This week, in the land down under, Dr Michael Connard revived a debate about the possibility of teaching school children Indigenous languages over other entrenched staples, such as French or Japanese.
Previous calls for Indigenous language education in Australian schools faced criticism about practical application barriers, such as how to create a cohesive curriculum from a very diverse pool of languages. With over 100 Indigenous languages and dialects spoken in the Northern Territories, Dr Connard said he envisaged that primary schools would teach their local community’s specific Indigenous language.
“There have been numerous government reports calling for the inclusion of Aboriginal language in schools to promote identity, culture and help reduce the identity crisis suffered by many young people.”
Meanwhile, further south in Australia, for the first time since the 1860s, the Kaurna language of the Adelaide plains is being spoken fluently by three young Aboriginal men!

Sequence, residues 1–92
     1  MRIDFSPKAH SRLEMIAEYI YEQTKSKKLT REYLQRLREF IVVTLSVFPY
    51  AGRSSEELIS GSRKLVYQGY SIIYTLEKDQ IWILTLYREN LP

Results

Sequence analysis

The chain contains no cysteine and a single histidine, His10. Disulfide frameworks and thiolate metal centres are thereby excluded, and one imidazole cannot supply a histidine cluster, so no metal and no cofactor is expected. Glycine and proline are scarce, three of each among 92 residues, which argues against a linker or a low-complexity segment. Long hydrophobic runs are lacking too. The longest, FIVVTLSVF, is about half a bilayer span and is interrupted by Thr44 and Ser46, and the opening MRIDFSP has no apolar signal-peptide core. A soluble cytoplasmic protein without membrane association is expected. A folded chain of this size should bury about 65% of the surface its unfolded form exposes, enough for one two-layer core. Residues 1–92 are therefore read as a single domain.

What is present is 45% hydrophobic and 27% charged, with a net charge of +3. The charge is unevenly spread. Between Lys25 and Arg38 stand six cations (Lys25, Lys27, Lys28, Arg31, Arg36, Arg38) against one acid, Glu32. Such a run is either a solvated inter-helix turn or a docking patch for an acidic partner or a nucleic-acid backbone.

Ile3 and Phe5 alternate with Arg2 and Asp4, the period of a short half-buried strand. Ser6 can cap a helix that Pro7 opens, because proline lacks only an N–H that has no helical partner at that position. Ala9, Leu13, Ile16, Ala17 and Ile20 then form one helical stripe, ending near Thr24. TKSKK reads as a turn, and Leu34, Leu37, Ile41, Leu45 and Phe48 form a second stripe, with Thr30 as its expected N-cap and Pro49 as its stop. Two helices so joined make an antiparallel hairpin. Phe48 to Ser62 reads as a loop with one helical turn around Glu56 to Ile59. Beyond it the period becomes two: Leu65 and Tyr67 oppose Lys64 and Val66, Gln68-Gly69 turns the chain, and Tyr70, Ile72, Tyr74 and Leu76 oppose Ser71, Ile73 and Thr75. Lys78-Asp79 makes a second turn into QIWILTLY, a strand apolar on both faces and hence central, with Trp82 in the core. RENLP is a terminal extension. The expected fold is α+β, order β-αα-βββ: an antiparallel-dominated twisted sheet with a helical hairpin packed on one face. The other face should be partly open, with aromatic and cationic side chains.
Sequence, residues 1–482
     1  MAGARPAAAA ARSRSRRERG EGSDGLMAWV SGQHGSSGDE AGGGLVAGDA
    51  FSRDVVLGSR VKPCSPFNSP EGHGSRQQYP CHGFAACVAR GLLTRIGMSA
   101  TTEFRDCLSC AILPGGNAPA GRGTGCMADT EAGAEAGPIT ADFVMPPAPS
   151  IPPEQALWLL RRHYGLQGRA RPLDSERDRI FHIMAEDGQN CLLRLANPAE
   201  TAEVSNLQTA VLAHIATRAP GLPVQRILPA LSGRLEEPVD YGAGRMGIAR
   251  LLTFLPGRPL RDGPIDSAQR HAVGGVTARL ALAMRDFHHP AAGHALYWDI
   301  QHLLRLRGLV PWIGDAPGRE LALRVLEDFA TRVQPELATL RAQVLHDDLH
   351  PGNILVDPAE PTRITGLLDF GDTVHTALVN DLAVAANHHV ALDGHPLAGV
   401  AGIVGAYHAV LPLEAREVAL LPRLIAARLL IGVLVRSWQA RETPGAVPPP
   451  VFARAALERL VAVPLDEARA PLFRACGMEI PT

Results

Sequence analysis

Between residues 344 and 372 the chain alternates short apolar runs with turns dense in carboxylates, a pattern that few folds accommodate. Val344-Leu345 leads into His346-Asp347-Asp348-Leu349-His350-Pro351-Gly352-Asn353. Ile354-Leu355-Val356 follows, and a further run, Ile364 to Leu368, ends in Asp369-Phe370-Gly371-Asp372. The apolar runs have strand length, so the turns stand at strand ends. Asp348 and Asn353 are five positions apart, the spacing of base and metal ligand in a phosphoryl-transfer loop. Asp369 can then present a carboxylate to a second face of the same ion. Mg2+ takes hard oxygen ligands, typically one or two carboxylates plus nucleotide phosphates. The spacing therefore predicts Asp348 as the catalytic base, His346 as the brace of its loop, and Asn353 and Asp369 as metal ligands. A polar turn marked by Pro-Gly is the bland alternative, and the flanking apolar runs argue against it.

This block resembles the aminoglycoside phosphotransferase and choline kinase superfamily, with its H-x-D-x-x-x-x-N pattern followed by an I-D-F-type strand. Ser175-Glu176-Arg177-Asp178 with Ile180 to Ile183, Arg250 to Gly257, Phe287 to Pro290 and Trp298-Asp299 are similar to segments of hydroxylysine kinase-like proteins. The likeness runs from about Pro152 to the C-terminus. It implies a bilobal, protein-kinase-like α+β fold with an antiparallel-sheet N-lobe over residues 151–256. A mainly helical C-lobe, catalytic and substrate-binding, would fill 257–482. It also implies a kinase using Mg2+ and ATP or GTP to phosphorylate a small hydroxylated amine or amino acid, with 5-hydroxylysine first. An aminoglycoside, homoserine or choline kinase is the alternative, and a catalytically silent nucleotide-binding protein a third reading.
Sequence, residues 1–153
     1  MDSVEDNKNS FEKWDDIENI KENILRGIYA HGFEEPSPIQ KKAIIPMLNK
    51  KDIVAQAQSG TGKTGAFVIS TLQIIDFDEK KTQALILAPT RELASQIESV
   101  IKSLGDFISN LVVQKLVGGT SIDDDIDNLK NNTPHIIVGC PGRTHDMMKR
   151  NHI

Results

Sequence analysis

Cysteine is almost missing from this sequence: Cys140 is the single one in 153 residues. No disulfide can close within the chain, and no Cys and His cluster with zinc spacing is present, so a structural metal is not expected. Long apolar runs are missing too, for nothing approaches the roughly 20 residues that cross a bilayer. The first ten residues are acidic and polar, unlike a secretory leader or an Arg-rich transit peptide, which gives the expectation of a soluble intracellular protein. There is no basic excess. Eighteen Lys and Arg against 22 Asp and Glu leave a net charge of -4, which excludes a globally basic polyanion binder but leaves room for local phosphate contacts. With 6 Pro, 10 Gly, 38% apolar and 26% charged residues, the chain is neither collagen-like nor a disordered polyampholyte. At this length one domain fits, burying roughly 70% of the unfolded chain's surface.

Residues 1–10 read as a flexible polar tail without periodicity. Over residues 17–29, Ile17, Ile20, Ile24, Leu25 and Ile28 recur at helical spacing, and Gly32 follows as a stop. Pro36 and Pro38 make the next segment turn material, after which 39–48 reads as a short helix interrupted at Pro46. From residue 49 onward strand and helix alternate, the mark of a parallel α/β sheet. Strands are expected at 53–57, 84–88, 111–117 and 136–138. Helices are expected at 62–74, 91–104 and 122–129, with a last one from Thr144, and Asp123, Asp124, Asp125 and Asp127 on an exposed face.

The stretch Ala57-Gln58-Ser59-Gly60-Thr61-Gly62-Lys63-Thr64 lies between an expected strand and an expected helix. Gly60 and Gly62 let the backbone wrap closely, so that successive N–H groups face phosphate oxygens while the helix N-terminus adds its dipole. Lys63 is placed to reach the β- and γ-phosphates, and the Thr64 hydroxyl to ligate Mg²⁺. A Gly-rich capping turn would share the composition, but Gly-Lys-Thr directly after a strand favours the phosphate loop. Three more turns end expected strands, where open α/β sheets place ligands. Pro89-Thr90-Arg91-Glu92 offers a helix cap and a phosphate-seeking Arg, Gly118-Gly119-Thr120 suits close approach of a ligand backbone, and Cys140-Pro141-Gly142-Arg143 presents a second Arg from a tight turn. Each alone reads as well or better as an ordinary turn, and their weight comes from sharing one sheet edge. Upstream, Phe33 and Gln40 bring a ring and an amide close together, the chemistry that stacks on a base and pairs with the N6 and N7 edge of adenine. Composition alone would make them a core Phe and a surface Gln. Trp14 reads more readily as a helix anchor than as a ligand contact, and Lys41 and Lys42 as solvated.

“The result is the culmination of more than 20 years of painstaking research into the dormant language, which has allowed a new generation of Aboriginal men to revive the tongue of their ancestors.” reported The Australian in an interview with one of the Kaurna speakers Jack Buckskin.
How beautiful would it be to have younger generations translating, interpreting and even teaching these languages to their parents and extended family? It could bring a whole new lease of life to community as well as culture.